Dems seem uninterested in regulating White House political office under Obama
Nick Juliano
Published: Thursday November 13, 2008


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Less than a month ago, Democrats excoriated President Bush and his administration over the conduct of the White House Office of Political Affairs, and a House panel recommended the office be closed or reorganized.

With Democrat Barack Obama preparing for his move into 1600 Pennsylvania Ave., the calls to reform the office, which coordinates the president's initiatives with key factions of his party, have grown silent, and all indications are that a political apparatus will continue to exist in the White House for the foreseeable future.

On Thursday, Politico noted that Obama had been virtually silent on calls to eliminate the White House's politics office, and Marc Ambinder reported that it was "probably true" that Obama's White House would include the operation.

Congressional Democrats, meanwhile, almost certainly will not move forward with any legislative attempts to shut down the political affairs office or re-write the law that allows it to exist anytime soon.

"That's probably not going to be a priority that they're going to push," an aide to a Democratic member of the House Oversight Committee tells RAW STORY.

The continued operation of a taxpayer-funded White House political operation discouraged some good-government advocates who hoped that an Obama presidency would herald a new era of integrity.

"I would be very disappointed if Obama would continue that office," Craig Holman, a lobbyist for Public Citizen said in an interview Thursday. "I never thought his silence was due to the fact that he wanted to continue a Karl Rove style administration, and I don't know what he has in mind for it."

Last month, the committee issued a 27-page report (.pdf) cataloguing the various ways Bush's White House abused the office, including arranging taxpayer-funded trips for cabinet secretaries to appear with embattled members of Congress around election time. Under Bush, the political affairs office was headed by Karl Rove and Ken Mehlman, among others.

The report recommended shuttering the office, which Ronald Reagan established upon entering the White House in 1981.

"If the political affairs office is retained," the report said, "it's activities should be restructured to ensure that it serves the interests of the taxpayer, not the political party of the president."

Whether such restructuring will occur remains to be seen, but the enthusiasm for such reforms seems to have waned. A spokesman for President-elect Obama said the transition team would not comment on the political affairs office. A representative for Oversight Chairman Henry Waxman did not immediately respond to a request for comment.

In recent weeks, Waxman and the rest of the Oversight Committee has been focused largely on the financial services industry and probing the causes of the ongoing financial crisis. The committee held a hearing on hedge funds and financial markets Thursday.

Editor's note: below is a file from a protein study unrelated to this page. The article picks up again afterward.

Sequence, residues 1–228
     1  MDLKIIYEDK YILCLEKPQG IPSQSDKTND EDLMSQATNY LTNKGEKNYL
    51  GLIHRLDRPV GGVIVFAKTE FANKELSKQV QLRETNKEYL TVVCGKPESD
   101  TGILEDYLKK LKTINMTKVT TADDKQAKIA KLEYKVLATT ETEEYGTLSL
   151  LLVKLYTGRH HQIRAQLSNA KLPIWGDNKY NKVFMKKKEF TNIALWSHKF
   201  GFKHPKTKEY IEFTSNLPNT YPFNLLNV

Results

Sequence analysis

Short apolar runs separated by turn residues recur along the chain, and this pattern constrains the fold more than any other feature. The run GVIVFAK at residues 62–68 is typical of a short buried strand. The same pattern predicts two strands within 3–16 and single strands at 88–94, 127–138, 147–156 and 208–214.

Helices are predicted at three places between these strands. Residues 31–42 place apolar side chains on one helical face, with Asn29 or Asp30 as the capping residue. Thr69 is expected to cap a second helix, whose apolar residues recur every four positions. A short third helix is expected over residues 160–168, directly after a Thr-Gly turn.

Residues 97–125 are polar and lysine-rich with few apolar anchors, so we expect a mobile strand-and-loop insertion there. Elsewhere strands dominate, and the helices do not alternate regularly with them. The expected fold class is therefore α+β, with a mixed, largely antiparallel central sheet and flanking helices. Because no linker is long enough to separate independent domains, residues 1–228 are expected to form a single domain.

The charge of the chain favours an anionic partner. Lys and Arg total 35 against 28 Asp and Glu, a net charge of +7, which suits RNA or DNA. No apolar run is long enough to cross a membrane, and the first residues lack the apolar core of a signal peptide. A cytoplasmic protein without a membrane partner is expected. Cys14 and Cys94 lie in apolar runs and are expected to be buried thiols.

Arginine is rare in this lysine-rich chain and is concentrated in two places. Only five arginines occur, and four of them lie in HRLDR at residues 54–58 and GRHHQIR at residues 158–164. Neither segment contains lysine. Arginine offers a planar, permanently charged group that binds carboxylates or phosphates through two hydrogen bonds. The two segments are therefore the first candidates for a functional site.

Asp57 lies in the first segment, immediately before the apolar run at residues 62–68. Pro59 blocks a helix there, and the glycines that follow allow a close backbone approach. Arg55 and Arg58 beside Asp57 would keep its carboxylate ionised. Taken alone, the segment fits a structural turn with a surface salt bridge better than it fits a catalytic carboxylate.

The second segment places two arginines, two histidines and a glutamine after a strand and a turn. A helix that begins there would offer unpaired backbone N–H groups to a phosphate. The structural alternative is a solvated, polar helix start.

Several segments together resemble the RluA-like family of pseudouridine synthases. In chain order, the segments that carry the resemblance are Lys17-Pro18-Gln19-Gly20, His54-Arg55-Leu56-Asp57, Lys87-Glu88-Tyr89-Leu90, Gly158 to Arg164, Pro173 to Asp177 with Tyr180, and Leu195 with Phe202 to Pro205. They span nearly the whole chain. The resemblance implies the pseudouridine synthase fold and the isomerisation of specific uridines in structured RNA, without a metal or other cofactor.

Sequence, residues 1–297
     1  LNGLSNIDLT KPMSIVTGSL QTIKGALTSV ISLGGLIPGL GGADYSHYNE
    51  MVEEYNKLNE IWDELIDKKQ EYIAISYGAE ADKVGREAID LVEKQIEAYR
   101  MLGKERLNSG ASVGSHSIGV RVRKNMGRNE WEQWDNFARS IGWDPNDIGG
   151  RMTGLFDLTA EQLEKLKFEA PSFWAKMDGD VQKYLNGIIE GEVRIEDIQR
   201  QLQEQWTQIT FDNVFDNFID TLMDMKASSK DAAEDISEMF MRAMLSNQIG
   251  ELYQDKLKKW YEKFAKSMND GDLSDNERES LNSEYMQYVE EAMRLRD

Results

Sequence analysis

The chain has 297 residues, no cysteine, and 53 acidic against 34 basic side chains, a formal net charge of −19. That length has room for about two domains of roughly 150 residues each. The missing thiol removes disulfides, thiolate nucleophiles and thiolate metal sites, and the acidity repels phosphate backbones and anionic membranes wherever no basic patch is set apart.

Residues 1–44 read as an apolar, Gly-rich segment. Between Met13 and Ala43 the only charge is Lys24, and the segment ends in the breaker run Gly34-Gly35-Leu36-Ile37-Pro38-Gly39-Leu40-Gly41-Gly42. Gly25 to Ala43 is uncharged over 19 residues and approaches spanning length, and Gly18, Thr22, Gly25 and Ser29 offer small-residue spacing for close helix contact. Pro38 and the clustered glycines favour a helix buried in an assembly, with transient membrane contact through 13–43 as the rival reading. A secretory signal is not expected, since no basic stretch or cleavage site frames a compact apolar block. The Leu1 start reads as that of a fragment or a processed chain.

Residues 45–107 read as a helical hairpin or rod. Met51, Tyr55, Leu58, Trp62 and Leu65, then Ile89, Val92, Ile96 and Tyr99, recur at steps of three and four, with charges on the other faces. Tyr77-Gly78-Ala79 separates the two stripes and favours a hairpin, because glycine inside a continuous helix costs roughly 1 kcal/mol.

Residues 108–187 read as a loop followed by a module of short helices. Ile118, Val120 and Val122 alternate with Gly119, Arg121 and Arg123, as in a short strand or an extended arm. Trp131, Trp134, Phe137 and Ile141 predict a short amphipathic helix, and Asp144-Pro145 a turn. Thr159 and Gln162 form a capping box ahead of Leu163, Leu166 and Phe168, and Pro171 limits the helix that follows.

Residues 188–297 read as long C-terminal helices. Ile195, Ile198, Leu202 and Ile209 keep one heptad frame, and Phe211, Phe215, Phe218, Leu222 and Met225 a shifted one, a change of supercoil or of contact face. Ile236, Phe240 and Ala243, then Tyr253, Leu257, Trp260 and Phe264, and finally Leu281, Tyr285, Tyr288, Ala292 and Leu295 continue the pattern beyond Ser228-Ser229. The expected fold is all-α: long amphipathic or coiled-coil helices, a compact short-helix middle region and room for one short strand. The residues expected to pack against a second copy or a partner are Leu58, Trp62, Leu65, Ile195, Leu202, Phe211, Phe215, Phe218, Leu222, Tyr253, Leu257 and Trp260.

However, there are other indications that the California Democrat seems less enthusiastic about continuing the tenacious watchdog role he's occupied during the last two years of the Bush administration, beginning with the fact that the day after the election Waxman announced his intention to overthrow Rep. John Dingell (D-MI) as chair of the powerful Energy and Commerce Committee.

It's not uncommon for the Oversight Committee to be a bit more lax during times of unified party control of Congress and the White House. For example, Rep. Tom Davis (R-VA), who chaired the committee before the Democratic takeover of Congress in 2006, issued just 10 subpoenas to investigate the Bush administration, compared to the 1,000 subpoenas former Republican Oversight Chairman Dan Burton issued during the Clinton administration, Waxman noted in a speech this summer.

However, Waxman promised to be as hard on a potential Obama administration as he's been on President Bush.

"Investigations should be driven by genuine need, not partisan priorities," Waxman told attendees of a National Press Club luncheon in June, according to an account of the speech in CongressNow (via Nexis). "It's just as important to investigate and to hold the executive branch accountable, even if it's the same political party as Congress."

Now that Obama's election is complete, it remains to be seen whether Waxman follows through on that commitment regarding the White House Office of Political Affairs is concerned.

"I wish Waxman would stick to his guns; he knows this office should not be paid for by taxpayers," Holman told RAW STORY. "The fact that he's not making any public comment on it suggests to the public that maybe his oversight has just been partisan."

 
 


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